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Table 1 Overview of commonly used digital learning design concepts

From: Digital learning designs in physiotherapy education: a systematic review and meta-analysis

Blended learning Distance learning
Blended learning “is the thoughtful integration of classroom face-to-face learning experiences with online learning experiences. There is considerable intuitive appeal to the concept of integrating the strengths of synchronous (face-to-face) and asynchronous (flexible-time) learning activities [19] (p. 96). Distance learning is a “planned learning that normally occurs in a different place from teaching and as a result requires special techniques of course design, special instructional techniques, special methods of communication by electronic and other technology, as well as special organizational and administrative arrangements [20] (p. 2).
Flipped classroom model In a flipped classroom, “the information transmission component of a traditional face-to-face lecture (‘traditional lecture’) is moved out of class and the learning in-class are active, collaborative tasks. Students prepare for class by engaging with resources that cover what would have been in a traditional lecture. After class they follow up and consolidate their knowledge” [21] (p. 1) E-learning courses a structured course delivered electronically with different elements: live or pre-recorded lecture content, video, quizzes, simulations, games, activities, and other interactive elements. E-learning can also be facilitated as virtual classrooms - a type of online learning in which live interaction between instructors and participants take place synchronous.
Blended learning on and off campus An example of blended learning design is where the students, for example, gain access to digital learning resources prior to in-class teaching and/or after classroom teaching, but the teaching is traditionally offered. Another example is that the learning activities in the classroom teaching are given and answered through digital learning technology and software. Mobile learning (m-learning) Variant of e-learning; teaching takes place via mobile equipment, e.g. mobile smart phones. M-learning is “the processes of coming to know through conversations across multiple contexts among people and personal interactive technologies” [22] (p. 225)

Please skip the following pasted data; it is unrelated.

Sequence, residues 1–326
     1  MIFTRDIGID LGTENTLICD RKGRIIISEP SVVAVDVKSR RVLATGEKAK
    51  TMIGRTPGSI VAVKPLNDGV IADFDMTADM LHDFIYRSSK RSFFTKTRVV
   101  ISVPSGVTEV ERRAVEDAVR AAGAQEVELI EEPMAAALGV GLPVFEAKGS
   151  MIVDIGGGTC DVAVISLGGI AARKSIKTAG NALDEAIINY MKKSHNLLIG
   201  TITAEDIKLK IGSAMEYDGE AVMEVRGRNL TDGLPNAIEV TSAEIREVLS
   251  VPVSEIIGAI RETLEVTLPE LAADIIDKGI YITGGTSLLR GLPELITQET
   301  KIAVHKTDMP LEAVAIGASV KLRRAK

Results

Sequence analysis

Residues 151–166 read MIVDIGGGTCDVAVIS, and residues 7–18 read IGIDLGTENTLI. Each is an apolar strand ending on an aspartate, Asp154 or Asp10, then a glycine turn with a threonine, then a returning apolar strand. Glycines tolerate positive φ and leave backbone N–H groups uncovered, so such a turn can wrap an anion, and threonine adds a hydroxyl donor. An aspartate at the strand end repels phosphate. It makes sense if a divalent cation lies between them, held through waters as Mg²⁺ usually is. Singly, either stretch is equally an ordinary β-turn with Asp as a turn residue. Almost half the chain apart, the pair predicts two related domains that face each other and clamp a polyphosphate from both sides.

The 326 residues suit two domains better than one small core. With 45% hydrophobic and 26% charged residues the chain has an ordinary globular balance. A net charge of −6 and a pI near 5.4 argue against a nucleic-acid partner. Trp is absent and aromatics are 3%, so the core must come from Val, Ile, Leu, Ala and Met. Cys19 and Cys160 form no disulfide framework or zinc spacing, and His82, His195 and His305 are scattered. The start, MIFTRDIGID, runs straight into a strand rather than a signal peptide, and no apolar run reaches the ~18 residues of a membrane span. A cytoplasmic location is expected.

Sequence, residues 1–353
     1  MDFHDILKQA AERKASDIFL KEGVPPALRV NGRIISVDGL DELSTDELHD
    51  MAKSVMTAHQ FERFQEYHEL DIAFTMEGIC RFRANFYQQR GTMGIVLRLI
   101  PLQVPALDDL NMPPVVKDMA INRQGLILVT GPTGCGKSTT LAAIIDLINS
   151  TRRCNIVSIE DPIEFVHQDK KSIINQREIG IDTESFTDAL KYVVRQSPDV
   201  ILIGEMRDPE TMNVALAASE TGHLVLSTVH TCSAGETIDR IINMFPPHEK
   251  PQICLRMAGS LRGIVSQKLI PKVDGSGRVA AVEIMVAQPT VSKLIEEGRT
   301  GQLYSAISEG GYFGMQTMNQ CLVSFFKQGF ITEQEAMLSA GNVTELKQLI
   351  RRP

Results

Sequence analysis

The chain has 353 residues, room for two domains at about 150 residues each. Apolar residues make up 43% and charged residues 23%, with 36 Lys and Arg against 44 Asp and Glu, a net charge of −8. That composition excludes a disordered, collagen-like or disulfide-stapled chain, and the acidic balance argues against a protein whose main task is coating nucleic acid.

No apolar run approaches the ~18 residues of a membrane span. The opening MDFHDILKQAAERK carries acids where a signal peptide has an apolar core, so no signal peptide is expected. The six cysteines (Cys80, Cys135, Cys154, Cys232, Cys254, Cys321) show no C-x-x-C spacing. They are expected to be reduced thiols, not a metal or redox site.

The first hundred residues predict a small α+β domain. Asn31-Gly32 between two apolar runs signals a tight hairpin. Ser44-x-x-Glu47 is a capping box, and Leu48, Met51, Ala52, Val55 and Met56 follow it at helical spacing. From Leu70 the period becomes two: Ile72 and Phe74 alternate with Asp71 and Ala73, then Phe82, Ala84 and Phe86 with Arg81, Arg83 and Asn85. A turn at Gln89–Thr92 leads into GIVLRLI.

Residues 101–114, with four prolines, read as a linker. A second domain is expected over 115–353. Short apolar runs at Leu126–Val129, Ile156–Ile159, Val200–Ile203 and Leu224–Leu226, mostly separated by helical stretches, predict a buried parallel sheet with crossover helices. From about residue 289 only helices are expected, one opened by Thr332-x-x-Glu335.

Hybrid Learning Educational model where one student group follows the course on campus and simultaneously individuals follow the course remotely through digital technology. Hybrid learning can combine synchronous learning with asynchronous learning elements like e.g. online forums, discussion boards. Hybrid classrooms vary widely according to the subject matter taught and the needs of specific groups of learners. Remote/at-home learning A course designed to be delivered online, not intended to meet in-person, students intended not to work on assignments in the same space, and do not attend lectures or classes virtually with video or audio communication to participate.
Massive open online courses (MOOC) “A massive open online course is an online course aimed at unlimited participation and open access via the web” [23], (p. 442). “MOOC integrates the connectivity of social networking, the facilitation of an acknowledged expert in a field of study, and a collection of freely accessible online resources. The learners are typically adults and self-organize their participation according to learning goals, prior knowledge and skills, and common interests” [24] (p. 4)